Cybersecurity: Virtual Machines

A virtual machine is basically a computer within a computer. A virtual machine (or VM) runs completely isolated on your computer, unless otherwise configured. Basically what this means is you get a miniature computer that can still access the internet, but gets deleted as soon as you're done with it. And I mean completely deleted. It saves literally nothing. No files, no cookies, no browsing history. If a VM gets infected by malware, that malware gets deleted as soon as the VM gets closed.

VMs are a handy way to securely isolate any number of activities. For example, you may use a VM to access your banking information, ensuring that such information is completely safe and isolated from anything else on your computer. Or you may use Whonix, which is basically just a pre-built Tor VM, to do random searches to protect yourself from tracking. VMs are virtually infinite in their uses.

Set Up

The easiest way to create a VM is to use Oracle's VirtualBox Software, a free open source program that allows you to host a VM on Windows, Mac, or Linux. As I said before, I recommend using Debian, but there's a ton of options out there. A VM is actually a great way to test out various Linux distributions and see which one is right for you (if any). Here's how to set up a non-persistent Debian machine, meaning a Debian VM that doesn't keep files.

  1. Download and install VirtualBox (I recommend the extension pack, too, but technically I don't think it's necessary).d
  2. Download Debian (in most situations, the 64-bit iso is just fine), or the operating system of your choice.
  3. After starting VirtualBox, select "New"
  4. In the Name field, write "Debian" and the proper options under Type and Version should auto-populate. If you're using the operating system of your choice, you may have to manually select the type and version, but usually it finds it automatically. Don't worry about the machine folder and click Next.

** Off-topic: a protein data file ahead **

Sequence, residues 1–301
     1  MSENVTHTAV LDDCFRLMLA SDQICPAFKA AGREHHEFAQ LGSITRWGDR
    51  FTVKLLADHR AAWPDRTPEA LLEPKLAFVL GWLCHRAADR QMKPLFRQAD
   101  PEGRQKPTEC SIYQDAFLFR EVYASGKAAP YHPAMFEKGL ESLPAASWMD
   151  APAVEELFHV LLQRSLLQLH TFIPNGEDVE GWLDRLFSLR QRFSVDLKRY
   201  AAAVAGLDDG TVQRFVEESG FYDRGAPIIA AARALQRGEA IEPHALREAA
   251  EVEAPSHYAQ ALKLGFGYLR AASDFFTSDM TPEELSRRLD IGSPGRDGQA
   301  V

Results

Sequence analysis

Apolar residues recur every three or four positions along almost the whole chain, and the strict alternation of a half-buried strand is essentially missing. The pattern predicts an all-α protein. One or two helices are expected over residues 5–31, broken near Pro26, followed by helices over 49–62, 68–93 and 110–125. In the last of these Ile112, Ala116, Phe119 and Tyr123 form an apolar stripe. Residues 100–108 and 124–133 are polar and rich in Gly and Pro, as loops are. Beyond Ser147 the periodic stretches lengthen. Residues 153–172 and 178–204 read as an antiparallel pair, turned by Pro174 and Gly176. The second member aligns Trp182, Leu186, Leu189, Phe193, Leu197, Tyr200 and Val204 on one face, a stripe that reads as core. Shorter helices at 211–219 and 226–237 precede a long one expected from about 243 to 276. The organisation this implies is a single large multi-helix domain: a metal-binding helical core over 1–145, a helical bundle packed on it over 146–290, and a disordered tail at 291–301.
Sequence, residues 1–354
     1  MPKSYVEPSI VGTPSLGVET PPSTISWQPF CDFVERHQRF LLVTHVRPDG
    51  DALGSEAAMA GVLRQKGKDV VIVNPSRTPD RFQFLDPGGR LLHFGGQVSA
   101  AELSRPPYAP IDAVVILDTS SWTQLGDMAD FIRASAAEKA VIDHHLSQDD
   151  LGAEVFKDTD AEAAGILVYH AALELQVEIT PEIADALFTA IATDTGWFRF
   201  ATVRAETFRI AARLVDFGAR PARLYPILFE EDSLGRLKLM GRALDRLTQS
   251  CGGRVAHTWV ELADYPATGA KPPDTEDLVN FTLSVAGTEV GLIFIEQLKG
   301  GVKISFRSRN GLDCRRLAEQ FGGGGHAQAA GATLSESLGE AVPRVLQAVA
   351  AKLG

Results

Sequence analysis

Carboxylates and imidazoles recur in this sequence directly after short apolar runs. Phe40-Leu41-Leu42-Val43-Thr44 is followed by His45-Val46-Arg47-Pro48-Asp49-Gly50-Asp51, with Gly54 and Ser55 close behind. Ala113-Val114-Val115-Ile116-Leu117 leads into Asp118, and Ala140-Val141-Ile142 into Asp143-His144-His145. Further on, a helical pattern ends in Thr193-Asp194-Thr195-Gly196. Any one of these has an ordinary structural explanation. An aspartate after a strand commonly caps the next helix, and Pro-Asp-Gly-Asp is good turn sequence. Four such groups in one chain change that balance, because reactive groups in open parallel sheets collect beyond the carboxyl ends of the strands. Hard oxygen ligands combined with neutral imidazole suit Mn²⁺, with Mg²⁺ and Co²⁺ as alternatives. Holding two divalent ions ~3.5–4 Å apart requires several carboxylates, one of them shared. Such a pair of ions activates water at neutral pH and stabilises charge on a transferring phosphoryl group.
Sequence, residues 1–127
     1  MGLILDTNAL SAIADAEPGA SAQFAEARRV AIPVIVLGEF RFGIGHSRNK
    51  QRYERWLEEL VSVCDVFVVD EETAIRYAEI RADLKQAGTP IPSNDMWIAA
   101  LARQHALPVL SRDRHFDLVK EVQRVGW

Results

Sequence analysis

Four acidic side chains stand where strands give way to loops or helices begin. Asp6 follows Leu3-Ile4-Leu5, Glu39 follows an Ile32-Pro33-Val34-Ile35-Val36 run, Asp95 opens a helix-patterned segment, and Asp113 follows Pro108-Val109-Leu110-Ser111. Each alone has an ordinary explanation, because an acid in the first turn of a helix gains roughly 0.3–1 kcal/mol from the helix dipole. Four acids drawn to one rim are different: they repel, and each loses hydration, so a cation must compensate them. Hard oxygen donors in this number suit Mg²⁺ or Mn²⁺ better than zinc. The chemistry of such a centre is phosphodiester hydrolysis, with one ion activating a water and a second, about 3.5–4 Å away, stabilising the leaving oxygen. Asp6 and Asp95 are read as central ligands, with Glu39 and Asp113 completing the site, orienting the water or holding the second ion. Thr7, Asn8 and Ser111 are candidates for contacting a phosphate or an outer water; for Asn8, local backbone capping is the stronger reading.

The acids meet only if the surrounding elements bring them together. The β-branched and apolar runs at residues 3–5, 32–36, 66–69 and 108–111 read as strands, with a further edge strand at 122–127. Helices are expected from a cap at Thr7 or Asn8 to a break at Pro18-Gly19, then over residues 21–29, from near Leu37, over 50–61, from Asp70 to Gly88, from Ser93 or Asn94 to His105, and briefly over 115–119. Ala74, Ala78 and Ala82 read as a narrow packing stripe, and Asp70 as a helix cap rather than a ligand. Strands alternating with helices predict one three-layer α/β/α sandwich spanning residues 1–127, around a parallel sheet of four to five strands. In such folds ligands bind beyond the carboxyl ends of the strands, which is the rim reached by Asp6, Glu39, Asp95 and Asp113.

5. In the Memory size screen, I recommend a minimum of 8GB (8192 MB) if your computer can handle it (just make sure it stays in the green part of the slider). The more RAM you have, the smoother your experience.
  6. You can select the default options for the rest of the screens.
  7. Once the VM is set up, don't open it yet. Rather, open the Settings options.
  8. Under System > Proocessor, pick the maximum number of CPUs available while staying in the green. Again, this will create a faster and smoother experience.
  9. Next, go to Display > Screen and max out the video memory.
  10. Finally, go to Storage and under "Controller: IDE" click on the empty CD icon, the CD icon to the right, and navigate to where you downloaded the Debian iso. Press "OK"
  11. Now you're ready to boot up the VM by pressing the "Start" arrow. Just install like normal.

Updates

Usage

The trick to never saving anything on your VM is to click the X in the corner rather than to shutdown like a normal computer. It will present a pop-up box asking you if you want to shutdown or revert to a previously saved state. Select your snapshot as a previous state and close it. Using your VM in this manner will ensure that you can safely conduct your business online without fear of malware or persistent tracking. Keep in mind that you are still giving up any voluntary information - for example, if you sign up with an email using your real name, obviously that's your email. You are also still subject to tracking within a single session. So if you check your bank, then Reddit, then go shopping on Amazon all in the sames session, those steps will all be tracked and connected. I recommend using your VM for one single purpose, then restarting it for a new purpose.

Whonix

There is one particular VM I want to give a special section to. You probably noticed in my screenshots that I already had two VMs saved called Whonix. Whonix is a VM that routes all your traffic through the Tor Network for almost perfect anonymity. When I boot my computer, I immediately open a Whonix machine and let it run, that way I have a constant connection to the Tor network. By opening Tor only when I need it, I run the risk of opening myself to time-correlating attacks - basically an enemy can see that I only used Tor during these specific times and that narrows down what traffic might be mine. Once I have Whonix running, I leave it running in the background and use it for random searches. If I want to check out the local pizza place's menu, I use Whonix. If I'm curious what a specific actor is up to these days, I use Whonix. This nonstop usage for random searches allows me to keep my privacy. And since I shutdown my computer when I'm not using it, there's no persistent tracking across multiple sessions. Sure, a few of my searches probably get correlated, but none enough to definitely identify me.


Previous

Next